High environmental standards will be maintained across the UK after Brexit, Michael Gove has told a Holyrood committee.
The UK Environment Secretary said future trade deals would not involve a “race to the bottom”, while a new environmental governance body with “considerable teeth” would be set up to hold ministers to account.
And he insisted Scotland, Wales and Northern Ireland, as “equal partners” in the UK, would be fully involved in the new arrangements.
Giving evidence to the Environment Committee via video link, Mr Gove said: “The involvement of the devolved administrations in making sure that we get the right trade deal is central.
“We have been clear at a UK Government level… we absolutely need to maintain high environmental standards, and for that matter high animal welfare standards, in any trade deal that we conclude.
“There is no future for the United Kingdom in trying to lead some sort of race to the bottom, the future for us economically is being the home of quality, whether that’s in the food and drink that we produce, or also in areas like for example ultra-low emission vehicles.”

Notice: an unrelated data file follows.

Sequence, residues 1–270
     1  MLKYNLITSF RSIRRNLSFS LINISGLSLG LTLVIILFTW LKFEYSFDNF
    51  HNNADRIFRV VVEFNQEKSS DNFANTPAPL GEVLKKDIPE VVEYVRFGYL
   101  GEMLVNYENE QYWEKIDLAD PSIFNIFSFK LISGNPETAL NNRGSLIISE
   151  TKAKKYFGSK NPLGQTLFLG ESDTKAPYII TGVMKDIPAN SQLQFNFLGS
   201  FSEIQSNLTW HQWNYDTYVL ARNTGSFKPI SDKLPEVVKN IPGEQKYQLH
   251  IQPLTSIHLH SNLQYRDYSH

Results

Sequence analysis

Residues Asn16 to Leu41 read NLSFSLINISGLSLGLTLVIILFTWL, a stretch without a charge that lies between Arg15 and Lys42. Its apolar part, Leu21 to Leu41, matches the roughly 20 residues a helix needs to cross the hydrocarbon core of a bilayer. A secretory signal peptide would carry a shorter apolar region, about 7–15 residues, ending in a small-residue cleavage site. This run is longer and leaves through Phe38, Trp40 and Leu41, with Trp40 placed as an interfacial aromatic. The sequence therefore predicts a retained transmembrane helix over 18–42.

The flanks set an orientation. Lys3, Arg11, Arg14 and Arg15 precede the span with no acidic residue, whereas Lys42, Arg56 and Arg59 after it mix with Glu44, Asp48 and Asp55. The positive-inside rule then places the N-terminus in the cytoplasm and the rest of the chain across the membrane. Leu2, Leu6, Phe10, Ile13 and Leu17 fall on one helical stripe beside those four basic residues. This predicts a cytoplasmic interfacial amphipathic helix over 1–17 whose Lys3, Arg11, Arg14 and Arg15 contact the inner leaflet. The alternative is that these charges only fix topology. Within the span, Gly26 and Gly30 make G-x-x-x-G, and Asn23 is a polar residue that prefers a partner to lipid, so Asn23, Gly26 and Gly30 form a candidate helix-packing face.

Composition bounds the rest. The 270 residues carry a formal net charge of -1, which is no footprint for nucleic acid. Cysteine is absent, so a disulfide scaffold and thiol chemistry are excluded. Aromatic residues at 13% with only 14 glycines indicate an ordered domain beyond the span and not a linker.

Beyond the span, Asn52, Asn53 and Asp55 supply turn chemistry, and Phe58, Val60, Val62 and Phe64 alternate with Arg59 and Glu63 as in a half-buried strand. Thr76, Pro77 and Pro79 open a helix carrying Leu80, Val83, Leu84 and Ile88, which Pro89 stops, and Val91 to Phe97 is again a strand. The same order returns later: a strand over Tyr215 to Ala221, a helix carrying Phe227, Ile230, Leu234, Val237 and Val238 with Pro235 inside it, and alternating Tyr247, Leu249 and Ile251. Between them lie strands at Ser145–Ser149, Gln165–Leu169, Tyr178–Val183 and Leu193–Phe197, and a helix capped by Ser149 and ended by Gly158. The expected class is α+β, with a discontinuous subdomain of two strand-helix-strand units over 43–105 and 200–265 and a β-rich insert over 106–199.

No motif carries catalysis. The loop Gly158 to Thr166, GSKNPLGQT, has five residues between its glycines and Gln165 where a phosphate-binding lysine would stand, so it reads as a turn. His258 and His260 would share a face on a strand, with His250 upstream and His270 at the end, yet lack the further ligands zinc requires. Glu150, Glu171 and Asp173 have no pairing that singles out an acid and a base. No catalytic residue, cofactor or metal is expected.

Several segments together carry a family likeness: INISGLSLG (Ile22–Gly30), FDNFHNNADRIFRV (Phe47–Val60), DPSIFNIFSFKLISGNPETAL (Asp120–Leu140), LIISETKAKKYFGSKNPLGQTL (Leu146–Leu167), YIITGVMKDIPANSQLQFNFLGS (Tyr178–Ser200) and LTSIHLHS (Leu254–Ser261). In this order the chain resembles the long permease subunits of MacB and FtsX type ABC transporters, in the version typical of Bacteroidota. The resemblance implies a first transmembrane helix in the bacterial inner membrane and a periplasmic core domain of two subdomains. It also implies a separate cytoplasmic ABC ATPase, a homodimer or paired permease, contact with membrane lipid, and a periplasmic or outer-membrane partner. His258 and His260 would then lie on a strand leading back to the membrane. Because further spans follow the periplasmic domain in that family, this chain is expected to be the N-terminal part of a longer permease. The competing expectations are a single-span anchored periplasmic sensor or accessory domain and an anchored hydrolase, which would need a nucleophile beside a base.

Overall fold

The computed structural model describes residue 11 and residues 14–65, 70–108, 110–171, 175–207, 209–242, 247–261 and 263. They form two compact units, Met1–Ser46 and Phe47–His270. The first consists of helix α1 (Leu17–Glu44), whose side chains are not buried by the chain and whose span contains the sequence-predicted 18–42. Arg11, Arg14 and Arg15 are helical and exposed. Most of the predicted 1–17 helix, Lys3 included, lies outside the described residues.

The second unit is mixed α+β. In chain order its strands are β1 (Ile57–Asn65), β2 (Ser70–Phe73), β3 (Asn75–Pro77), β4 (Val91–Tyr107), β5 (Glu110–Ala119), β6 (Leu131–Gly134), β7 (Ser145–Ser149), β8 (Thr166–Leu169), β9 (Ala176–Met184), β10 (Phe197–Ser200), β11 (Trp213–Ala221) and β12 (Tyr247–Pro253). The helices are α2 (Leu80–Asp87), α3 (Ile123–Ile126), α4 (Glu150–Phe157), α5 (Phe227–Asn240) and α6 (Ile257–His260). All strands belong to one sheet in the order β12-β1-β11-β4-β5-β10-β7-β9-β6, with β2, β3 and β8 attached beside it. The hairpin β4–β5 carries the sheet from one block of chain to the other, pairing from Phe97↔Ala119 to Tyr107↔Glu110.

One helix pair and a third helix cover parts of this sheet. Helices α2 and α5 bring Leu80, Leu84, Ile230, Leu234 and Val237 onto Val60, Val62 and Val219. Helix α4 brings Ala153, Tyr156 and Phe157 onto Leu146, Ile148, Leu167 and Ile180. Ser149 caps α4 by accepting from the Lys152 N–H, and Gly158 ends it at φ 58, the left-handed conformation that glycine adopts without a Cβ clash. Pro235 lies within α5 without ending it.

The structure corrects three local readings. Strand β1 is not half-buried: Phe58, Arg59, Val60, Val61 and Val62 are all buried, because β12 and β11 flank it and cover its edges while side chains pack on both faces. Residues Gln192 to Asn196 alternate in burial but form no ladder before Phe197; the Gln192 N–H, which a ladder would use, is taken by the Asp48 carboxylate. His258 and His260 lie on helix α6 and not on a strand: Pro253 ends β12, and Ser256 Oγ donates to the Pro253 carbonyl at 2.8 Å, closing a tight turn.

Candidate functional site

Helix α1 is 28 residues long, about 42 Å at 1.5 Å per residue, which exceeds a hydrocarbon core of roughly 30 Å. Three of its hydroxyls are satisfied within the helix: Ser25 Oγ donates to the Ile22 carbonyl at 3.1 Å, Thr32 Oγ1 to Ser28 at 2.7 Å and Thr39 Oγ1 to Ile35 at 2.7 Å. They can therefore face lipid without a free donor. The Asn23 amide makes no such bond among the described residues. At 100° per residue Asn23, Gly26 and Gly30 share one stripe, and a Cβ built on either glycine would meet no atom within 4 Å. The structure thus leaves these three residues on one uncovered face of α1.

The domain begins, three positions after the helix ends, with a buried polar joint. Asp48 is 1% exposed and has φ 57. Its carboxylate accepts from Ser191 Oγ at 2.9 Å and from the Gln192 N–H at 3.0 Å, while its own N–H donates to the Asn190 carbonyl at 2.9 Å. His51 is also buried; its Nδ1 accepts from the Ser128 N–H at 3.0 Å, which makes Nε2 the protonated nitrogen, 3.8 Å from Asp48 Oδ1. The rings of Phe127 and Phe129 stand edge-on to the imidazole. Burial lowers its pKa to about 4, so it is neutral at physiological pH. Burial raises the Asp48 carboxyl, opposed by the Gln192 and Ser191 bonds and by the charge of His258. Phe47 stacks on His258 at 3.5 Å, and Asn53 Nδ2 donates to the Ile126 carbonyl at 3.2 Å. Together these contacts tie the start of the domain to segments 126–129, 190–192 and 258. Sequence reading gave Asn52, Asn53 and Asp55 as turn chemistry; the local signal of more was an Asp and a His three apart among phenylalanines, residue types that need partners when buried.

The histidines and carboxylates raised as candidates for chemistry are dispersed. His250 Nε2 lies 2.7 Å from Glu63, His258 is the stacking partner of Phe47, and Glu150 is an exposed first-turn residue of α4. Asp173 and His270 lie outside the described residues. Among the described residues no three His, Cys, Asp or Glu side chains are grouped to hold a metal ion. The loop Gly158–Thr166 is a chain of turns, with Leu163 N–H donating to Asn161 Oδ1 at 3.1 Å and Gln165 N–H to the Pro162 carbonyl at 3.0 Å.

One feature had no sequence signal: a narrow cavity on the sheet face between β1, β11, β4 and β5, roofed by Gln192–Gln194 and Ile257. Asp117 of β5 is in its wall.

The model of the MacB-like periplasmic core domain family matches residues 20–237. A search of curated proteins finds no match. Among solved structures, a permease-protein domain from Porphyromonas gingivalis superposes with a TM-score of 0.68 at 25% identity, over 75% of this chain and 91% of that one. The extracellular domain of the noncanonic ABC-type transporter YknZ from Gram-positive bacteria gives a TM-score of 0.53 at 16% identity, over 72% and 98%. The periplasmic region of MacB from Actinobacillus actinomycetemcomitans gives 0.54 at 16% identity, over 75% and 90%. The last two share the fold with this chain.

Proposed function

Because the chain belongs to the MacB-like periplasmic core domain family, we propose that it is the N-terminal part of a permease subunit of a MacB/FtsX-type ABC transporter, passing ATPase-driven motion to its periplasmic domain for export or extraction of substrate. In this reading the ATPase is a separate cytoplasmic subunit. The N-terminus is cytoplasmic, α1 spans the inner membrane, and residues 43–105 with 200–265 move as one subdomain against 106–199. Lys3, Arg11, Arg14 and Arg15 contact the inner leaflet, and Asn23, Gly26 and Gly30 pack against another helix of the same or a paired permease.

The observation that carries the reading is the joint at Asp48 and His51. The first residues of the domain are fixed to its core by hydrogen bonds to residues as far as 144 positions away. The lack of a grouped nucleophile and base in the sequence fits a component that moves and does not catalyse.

He said a new environmental watchdog would be established to uphold standards, and replicate functions currently carried out by the European Commission and European Court of Justice.
“We think it will have considerable teeth, it will have the capacity to enforce compliance with the law,” he said.
“Ultimately it would have the power to take the government to court.”
Mr Gove said the body could operate on a UK-wide basis, or separate devolved organisations could be established.
“I am open completely to thinking from Scotland, Wales and Northern Ireland about how our shared commitment to these principles (on environmental standards) and to how appropriate governance should be given effect at a devolved level,” he said.
Pressed further on the new watchdog’s powers, and whether it would have the power to “call in” or even reverse policy decisions with an environmental impact, such as a third runway at Heathrow Airport, Mr Gove said: “When it comes to calling things in, there is a planning process.
“I think this environmental watchdog could offer advice about how planning processes might change in the future and how they could be improved, but I don’t think this body should second guess individual planning decisions.”
Mr Gove also moved to reassure MSPs over work to establish common frameworks across the UK in areas such as agriculture and fisheries, by insisting the UK is a “partnership of equals”.
How these frameworks will be set up, and who has the final say over them where ministers fail to agree, is central to an ongoing dispute between the Scottish and UK governments.
“I hope that we can prove that we want to make sure the Scottish Government is fully involved in all the conversations that we need to have to make our exit work, even if we disagree over what our eventual destination should be outside the European Union,” Mr Gove said.